Wednesday, October 25, 2000
Airport wrestles with runway danger
4 'incursions' set off search for ways to avoid on-ground hazards
By James Pilcher
The Cincinnati Enquirer
Four times since May, airplanes landing or taking off from Cincinnati/Northern Kentucky International Airport have been involved in incursions possible collision hazards on the runway putting the airport on a key government list for the first time.
None of the incidents resulted in collisions or injuries, and only two planes in the four incidents had to abort a landing or takeoff.
Before this year, the airport recorded a total of four incursions one in 1997, two in 1998 and one in 1999. (The FAA began tracking incursions in 1997.)
Details of the four runway incursions that occurred at Cincinnati/Northern Kentucky International Airport this year, according to the Federal Aviation Administration:|
1. 5:40 p.m. May 1
What happened: Comair Flight 5987 from Cincinnati to Grand Rapids, Mich., was instructed to taxi and hold for takeoff on Runway 27.
Instead, it began its takeoff roll without clearance as incoming Comair Flight 5774 from Kalamazoo, Mich., was landing on crossing Runway 18 Right.
Air Traffic Control instructed Flight 5987 to abort its takeoff, and Flight 5774 landed without incident.
Classification: Pilot error.
2. 1:52 p.m. May 17
What happened: A privately owned Astrojet trying to depart on Runway 18 Right took the takeoff clearance meant for another privately owned plane trying to depart on Runway 27.
A third plane, a privately held Gulfstream, was making its final approach on 18 Right but had to abort its landing and restart the sequence.
Classification: Pilot error.
3. 4:38 p.m. June 22
What happened: A Comair crew asked for and was granted clearance to cross Runway 27 at Taxiway Echo to take a Comair plane back to the maintenance hangar. The plane instead started toward Runway 18 Right, where Flight 5332 from Evansville, Ind., was landing. The maintenance crew was instructed to stop in time for Flight 5332 to land without incident.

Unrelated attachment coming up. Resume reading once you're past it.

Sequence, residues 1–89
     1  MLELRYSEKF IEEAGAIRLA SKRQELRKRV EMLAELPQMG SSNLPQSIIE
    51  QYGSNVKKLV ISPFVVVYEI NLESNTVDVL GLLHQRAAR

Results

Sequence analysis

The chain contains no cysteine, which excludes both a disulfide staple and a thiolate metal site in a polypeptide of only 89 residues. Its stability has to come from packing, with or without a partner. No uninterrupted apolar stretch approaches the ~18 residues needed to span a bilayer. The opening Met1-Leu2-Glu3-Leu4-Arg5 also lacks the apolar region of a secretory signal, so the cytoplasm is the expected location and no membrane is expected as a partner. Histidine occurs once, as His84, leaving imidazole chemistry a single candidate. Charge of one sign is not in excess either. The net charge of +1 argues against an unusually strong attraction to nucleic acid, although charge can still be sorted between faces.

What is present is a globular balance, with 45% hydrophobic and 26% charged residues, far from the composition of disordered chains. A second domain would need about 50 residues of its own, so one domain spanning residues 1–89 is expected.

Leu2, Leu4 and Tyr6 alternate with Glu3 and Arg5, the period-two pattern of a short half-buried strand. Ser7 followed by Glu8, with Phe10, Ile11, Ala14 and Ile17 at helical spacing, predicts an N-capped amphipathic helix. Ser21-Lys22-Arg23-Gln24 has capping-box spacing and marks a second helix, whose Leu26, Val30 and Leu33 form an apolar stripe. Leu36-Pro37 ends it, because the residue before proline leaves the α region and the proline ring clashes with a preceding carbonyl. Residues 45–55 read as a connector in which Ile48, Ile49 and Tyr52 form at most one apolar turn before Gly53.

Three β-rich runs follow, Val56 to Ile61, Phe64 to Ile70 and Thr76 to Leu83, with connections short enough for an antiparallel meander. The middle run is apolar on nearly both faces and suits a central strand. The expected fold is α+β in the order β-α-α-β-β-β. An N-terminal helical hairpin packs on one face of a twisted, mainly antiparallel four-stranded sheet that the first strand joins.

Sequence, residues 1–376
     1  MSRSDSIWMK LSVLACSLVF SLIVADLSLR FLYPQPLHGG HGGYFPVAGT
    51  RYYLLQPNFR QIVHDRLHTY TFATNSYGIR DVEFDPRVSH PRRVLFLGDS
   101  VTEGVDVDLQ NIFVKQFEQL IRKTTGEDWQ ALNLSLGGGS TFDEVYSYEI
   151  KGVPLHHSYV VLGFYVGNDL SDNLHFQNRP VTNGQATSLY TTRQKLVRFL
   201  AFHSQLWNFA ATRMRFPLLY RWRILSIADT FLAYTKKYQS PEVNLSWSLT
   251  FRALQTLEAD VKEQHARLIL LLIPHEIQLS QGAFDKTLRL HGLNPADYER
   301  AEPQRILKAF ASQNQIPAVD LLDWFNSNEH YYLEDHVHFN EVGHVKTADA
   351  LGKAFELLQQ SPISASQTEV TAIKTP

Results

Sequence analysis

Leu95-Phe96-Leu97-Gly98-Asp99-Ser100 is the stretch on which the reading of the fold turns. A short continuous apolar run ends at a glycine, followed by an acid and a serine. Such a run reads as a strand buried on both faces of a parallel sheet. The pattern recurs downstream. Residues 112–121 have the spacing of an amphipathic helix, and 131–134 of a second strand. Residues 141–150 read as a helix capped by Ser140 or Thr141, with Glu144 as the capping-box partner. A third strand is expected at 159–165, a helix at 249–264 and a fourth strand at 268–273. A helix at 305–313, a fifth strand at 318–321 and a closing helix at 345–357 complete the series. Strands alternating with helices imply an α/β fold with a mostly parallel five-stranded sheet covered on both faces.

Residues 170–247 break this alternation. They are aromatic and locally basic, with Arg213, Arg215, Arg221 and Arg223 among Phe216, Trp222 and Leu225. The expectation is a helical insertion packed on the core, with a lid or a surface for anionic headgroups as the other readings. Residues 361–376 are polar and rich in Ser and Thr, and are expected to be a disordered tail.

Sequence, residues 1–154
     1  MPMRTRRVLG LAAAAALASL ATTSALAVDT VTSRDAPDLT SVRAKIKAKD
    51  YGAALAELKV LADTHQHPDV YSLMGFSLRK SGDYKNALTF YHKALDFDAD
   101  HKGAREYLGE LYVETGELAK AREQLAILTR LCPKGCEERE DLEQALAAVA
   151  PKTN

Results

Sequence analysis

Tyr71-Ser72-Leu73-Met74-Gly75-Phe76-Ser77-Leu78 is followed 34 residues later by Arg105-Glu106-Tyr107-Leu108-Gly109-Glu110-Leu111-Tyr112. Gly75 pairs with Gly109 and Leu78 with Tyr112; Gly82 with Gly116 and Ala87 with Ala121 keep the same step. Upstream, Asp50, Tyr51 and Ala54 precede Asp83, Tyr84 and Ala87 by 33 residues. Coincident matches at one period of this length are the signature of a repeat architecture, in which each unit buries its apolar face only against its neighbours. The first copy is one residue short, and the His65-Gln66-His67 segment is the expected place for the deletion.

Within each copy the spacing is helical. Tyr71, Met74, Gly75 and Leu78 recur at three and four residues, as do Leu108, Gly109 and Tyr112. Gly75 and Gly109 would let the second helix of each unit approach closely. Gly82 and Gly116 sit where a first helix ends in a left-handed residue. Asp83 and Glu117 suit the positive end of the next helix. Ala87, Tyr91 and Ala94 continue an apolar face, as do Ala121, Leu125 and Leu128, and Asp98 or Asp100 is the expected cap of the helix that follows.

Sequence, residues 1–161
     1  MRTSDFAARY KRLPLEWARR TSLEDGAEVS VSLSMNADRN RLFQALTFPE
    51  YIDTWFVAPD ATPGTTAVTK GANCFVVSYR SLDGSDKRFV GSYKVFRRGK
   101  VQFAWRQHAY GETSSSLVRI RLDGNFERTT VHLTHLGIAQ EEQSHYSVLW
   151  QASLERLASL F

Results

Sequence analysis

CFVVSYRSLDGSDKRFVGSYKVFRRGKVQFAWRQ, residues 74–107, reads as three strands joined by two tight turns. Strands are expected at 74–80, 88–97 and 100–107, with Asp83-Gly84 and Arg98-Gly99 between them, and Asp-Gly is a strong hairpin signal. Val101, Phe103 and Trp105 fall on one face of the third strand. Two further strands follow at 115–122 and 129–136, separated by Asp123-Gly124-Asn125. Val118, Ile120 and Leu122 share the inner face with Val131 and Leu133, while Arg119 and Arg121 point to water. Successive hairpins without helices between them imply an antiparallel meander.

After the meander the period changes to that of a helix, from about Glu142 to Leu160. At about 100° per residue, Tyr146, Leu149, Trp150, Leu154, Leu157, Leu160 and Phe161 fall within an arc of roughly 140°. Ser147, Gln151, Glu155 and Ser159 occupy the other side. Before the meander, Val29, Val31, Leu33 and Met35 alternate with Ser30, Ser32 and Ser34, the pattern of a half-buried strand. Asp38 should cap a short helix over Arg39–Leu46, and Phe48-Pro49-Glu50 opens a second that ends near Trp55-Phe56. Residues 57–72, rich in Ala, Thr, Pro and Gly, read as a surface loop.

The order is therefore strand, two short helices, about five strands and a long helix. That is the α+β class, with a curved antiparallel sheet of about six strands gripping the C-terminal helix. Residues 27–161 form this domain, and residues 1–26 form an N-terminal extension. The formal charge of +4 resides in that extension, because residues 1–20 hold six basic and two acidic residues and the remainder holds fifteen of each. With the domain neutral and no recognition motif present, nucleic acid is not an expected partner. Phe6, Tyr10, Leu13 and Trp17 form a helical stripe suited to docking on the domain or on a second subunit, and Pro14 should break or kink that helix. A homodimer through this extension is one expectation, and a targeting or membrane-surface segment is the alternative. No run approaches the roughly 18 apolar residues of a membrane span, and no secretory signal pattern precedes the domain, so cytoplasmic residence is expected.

Classification: Vehicle error.
4. 12:33 p.m. July 15
What happened: Air Traffic Control cleared Comair Flight 5881 to Raleigh/Durham, N.C., to take off on Runway 27. ATC also cleared Comair Flight 9491 - a private charter - to land on intersecting Runway 36 Left. Both planes completed their operations safely, but came too close to each other, according to FAA regulations.
Classification: Operational (or ATC) deviation or error.
The rise concerns airport, airline and Federal Aviation Administration officials, who formed an incursion task force in August.
I don't know why these numbers are going up ... each incident is a separate occurrence, said Dale Huber, the airport's deputy director of aviation. But it's our job as a team to prevent this from happening again through a concerted effort.
Two of the four incidents involved pilot error, one was the fault of air-traffic controllers, and one was the fault of a maintenance crew, according to the FAA, which said Comair was involved in three of the four.
The airport tied for 21st on the FAA's most recent list of those with the most incursions in the last 12 months. It has a relatively low rate of 0.82 incursions per 100,000 operations, with 487,751 total operations.
North Air Terminal in Las Vegas had the highest number 13 since Oct. 1, 1999 and had the highest rate among major airports with 5.57 per 100,000 operations. Troutdale H5 Heliport outside Portland, Ore., had the highest rate overall with five in 77,526 operations, or 6.45 per 100,000.
In two of the four incursions here, a pilot (private and commercial planes both were involved in incursions) mistook a call sign and took instructions meant for another plane.
Comair and local air-traffic controllers aim to limit confusion over similar sounding flight numbers when they launch a new call sign procedure Thursday.
We have had conflicts with numbers sounding alike, such as 4027 and 5027, said Ken Marshall, vice president for corporate safety for Comair. This eliminates that.
The new system can assign a call sign number that differs from the one published in the public flight schedule.
There was a lot of room for confusion, and something we addressed, said Randy Brindley, a Cincinnati air-traffic controller and vice president of the local union branch of the National Air Traffic Controllers Association.
There has been no finger-pointing at all. Instead, we're all trying to be proactive and identify the problem and fix it.
Runway incursions when an aircraft is forced to change course by another aircraft, vehicle or object, or gets too close to another vehicle on a runway have caused 63 deaths nationwide over the past decade.
Officials with Comair, the FAA and the airport were reluctant to list reasons for the increase, saying each incident needs to be considered separately.
But one possible link is the rise in daily flights at the airport. Comair, for example, flies 620 flights in and out of Cincinnati daily, up from about 540 last year.
I certainly think efforts to enhance capacity at all of the busy airports and increase capacity is putting strain on the system, said Mitchell Serber, a Comair pilot who serves as central air safety chairman for the local Comair pilots' union.
And one area we're seeing the stress is in runway incursions. We're all trying to crowd into a finite area of concrete, but we can only handle so many departures and arrivals.
Until they build more runways, it's something that we're stuck with.
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